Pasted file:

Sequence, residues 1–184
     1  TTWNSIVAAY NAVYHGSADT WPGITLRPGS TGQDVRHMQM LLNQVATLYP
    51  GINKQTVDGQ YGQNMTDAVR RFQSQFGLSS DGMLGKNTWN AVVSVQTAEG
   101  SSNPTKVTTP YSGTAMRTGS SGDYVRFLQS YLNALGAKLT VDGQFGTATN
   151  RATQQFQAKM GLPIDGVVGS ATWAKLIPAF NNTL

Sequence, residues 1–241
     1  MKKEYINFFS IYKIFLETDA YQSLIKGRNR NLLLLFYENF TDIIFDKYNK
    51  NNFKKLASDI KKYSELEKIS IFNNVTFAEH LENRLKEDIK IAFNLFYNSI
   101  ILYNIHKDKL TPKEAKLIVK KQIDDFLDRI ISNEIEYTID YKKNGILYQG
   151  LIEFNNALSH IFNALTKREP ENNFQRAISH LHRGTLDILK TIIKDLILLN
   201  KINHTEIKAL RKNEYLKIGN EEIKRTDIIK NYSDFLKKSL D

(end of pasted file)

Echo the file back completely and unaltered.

Sequence, residues 1–184
     1  TTWNSIVAAY NAVYHGSADT WPGITLRPGS TGQDVRHMQM LLNQVATLYP
    51  GINKQTVDGQ YGQNMTDAVR RFQSQFGLSS DGMLGKNTWN AVVSVQTAEG
   101  SSNPTKVTTP YSGTAMRTGS SGDYVRFLQS YLNALGAKLT VDGQFGTATN
   151  RATQQFQAKM GLPIDGVVGS ATWAKLIPAF NNTL

Sequence, residues 1–241
     1  MKKEYINFFS IYKIFLETDA YQSLIKGRNR NLLLLFYENF TDIIFDKYNK
    51  NNFKKLASDI KKYSELEKIS IFNNVTFAEH LENRLKEDIK IAFNLFYNSI
   101  ILYNIHKDKL TPKEAKLIVK KQIDDFLDRI ISNEIEYTID YKKNGILYQG
   151  LIEFNNALSH IFNALTKREP ENNFQRAISH LHRGTLDILK TIIKDLILLN
   201  KINHTEIKAL RKNEYLKIGN EEIKRTDIIK NYSDFLKKSL D